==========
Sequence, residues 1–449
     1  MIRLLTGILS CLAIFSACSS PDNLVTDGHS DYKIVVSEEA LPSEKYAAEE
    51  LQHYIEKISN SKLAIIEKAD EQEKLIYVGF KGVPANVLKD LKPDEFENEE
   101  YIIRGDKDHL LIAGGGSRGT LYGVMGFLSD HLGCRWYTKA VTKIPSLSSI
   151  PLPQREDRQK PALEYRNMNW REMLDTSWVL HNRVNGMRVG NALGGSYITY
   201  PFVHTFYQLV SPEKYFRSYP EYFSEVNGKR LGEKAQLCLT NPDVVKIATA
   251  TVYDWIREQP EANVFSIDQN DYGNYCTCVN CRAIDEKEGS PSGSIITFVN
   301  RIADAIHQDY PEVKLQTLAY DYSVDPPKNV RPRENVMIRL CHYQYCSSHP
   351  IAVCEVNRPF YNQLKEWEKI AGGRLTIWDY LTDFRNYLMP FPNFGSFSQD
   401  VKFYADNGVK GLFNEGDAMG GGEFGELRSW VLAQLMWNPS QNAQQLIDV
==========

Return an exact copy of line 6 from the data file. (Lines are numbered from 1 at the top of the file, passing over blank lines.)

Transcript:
   201  PFVHTFYQLV SPEKYFRSYP EYFSEVNGKR LGEKAQLCLT NPDVVKIATA